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From Unexpected CV Benefits to Potential in Heart Failure: Insights and Outlook for SGLT2 Inhibitors
Mary Caffrey
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From Unexpected CV Benefits to Potential in Heart Failure: Insights and Outlook for SGLT2 Inhibitors

Mary Caffrey
Coverage from the first of 3 Peer Exchange™ discussions from the Diabetes Stakeholders Summit.
As a result, the EMPEROR studies are now under way for empagliflozin, which will examine the effect of the SGLT2 inhibitor specifically on patients with HFpEF and HFrEF.9,10 Results will come in 3 to 4 years. “These are heart failure trials being driven by heart failure experts,” Inzucchi said. “The heart failure community is very interested in this class because of the EMPA-REG signal, »

but the question is, will the benefits be seen again in the diabetic population?”

“Or in prediabetes?” Bloomgarden asked.

Big Data and CVD Benefits

Of course, clues to what the EMPEROR results may reveal were contained in CVD-REAL. Scanlon asked Gabbay to discuss these findings, as well as the importance of using data to gain these insights.

“It’s the beginning of what we’ll see a lot more of—using big data to try to answer some of these questions,” Gabbay said. “There are a lot of hypotheses. Is it a class effect? What’s the effect on congestive heart failure? We have some data, but not all the questions are answered. There are a number of studies that are ongoing. Some, we’ll get results soon, but some will still take several years. What do we do in the meantime?”

Gabbay explained that while CVD-REAL seemed to suggest a signal for reducing congestive heart failure across all SGLT2 inhibitors, the “challenge with a retrospective analysis is you’re not randomizing people to therapy.” Gabbay and Inzucchi agreed there was some value in observational studies—as statisticians can use propensity matching to make up for the loss of randomization—but Inzucchi said these studies should be taken “with a grain of salt.”

Bloomgarden, too, noted the need to watch for “channeling bias,” in observational studies—when patients ask to be put on the “new drug.” But he said that even the largest clinical trials have event rates that are so low there are questions that can’t be answered. Inzucchi said the question is whether patients in trials are different from those in the real world. “I think it’s great when the randomized clinical trials and the observational data sets point in the same direction, but when they don’t, I think it’s really confusing.”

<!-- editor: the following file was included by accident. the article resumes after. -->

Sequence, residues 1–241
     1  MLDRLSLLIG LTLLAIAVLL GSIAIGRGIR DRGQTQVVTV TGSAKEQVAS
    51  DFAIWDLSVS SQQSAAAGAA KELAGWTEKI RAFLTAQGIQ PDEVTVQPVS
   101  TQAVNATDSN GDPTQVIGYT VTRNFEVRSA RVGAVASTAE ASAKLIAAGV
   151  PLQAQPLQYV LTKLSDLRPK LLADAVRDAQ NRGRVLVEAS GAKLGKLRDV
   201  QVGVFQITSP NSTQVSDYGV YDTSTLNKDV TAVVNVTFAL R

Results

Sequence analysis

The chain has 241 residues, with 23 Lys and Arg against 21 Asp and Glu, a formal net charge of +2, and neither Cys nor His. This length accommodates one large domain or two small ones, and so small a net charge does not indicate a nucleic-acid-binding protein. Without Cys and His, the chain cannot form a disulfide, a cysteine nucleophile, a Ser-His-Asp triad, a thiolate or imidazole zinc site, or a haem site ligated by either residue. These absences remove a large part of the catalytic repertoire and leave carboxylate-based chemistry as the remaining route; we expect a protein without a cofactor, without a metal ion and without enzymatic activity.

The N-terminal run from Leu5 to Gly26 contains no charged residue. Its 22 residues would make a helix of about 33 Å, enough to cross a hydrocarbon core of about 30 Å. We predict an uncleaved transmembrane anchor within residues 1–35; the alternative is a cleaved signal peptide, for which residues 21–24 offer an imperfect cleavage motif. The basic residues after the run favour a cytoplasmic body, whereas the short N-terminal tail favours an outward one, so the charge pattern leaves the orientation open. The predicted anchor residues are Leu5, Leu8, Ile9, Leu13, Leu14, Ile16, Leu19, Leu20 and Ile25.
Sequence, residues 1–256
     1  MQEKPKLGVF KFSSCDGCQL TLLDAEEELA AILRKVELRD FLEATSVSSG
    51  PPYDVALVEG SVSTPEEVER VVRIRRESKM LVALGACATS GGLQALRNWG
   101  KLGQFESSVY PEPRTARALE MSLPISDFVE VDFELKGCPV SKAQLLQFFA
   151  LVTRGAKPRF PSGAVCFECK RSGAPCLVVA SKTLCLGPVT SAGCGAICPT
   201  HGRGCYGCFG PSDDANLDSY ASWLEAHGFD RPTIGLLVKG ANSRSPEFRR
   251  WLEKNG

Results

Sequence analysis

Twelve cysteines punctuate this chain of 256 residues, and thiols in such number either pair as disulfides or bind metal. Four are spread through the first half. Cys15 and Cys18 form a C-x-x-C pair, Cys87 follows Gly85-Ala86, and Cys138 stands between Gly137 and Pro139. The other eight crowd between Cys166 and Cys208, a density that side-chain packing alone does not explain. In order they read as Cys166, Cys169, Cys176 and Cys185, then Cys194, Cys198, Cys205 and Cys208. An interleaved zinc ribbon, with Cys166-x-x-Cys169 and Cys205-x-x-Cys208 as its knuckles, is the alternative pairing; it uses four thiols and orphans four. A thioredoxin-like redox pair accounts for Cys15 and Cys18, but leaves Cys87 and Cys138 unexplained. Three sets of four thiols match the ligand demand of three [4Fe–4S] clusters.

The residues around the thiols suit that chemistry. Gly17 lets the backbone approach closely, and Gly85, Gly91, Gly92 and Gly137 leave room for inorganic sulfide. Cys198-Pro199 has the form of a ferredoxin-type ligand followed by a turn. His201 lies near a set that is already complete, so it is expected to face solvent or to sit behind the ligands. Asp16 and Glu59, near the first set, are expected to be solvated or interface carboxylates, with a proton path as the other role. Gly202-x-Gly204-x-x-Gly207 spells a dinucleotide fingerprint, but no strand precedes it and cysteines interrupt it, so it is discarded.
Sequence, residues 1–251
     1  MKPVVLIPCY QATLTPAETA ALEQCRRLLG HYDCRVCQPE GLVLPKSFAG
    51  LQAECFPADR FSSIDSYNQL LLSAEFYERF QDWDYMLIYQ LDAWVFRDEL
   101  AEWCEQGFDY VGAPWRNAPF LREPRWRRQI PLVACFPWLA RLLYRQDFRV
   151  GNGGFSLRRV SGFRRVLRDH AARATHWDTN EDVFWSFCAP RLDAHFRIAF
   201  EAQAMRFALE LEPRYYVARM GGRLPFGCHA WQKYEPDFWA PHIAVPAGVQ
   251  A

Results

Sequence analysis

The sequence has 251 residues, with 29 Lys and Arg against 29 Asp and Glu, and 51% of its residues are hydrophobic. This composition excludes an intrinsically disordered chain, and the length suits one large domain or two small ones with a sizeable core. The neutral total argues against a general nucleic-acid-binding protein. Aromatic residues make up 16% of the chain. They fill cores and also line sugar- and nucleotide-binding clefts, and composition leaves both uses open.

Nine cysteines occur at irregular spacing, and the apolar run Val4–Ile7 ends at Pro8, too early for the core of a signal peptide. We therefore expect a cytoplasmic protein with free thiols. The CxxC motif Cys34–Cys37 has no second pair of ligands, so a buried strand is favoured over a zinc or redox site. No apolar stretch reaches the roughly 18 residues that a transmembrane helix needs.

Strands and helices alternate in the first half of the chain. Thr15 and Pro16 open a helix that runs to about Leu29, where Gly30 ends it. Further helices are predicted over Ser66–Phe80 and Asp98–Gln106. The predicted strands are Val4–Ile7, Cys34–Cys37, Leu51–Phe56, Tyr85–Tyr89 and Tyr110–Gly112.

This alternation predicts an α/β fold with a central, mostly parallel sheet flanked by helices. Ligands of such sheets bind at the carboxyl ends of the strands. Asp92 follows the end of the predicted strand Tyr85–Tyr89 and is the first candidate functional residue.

Designing Better CV Outcomes Trials

CV outcomes trials started with one idea, “First, do no harm.” But, Scanlon asked, is it time for a redesign? Are they powered sufficiently? As large as they are, are they large enough? How long should patients be followed? Can data be collected retrospectively, and if so, for how long?

Bloomgarden said as “hugely expensive” as it would be to follow large numbers of patients for a decade or more, this must be balanced against the 650 million individuals worldwide who will develop diabetes by 2040. And trials shouldn’t just examine the effect of therapies or strategies on the highest-risk patients. “Let’s try to figure out how all people developing diabetes should be treated going forward,” he said.

Long term, the progression of diabetes makes it impractical to study a single therapy for an extended period, Inzucchi said. “It’s not clean like that,” he said, using an example of a study conducted in 2004 based on the approaches that were common at the time that resulted in “cross contamination” as patients needed additional therapies.

Snow, the payer, said there’s no chance that an analysis of big data will ever replace the role of the randomized clinical trial, “no matter how good it is.” However, he said, “we do know that there are certain situations where a randomized clinical trial just doesn’t work because the population is relatively homogenous. So, you’re stuck with the question of, ‘Well, can’t I expand this into other populations? Do I need a full, other randomized controlled trial to answer that question or not?’ ”

Observational studies can help with questions that would take a long time to answer, that would require studies of great complexity, or in cases in which there is great risk of patients dropping out of the study, Snow said.

“I totally agree,” Gabbay said. There are many questions

that need answers, and not every question will get a randomized controlled trial that collects data for 5 to 10 years. Practically speaking, there are patients who need treatment today.

“As big data [analysis] becomes more sophisticated,…and studies are done more accurately, we’re going to have to rely on that kind of data to answer some of the questions that there are unlikely to be clinical trials on,” Gabbay said. The challenge is that some will be well done and others will be poorly done, and the average provider reading an abstract won’t know the difference. The danger is that kind of data sways clinical care. I think a better arbitration of study technique for big data analysis will really help move the field forward.”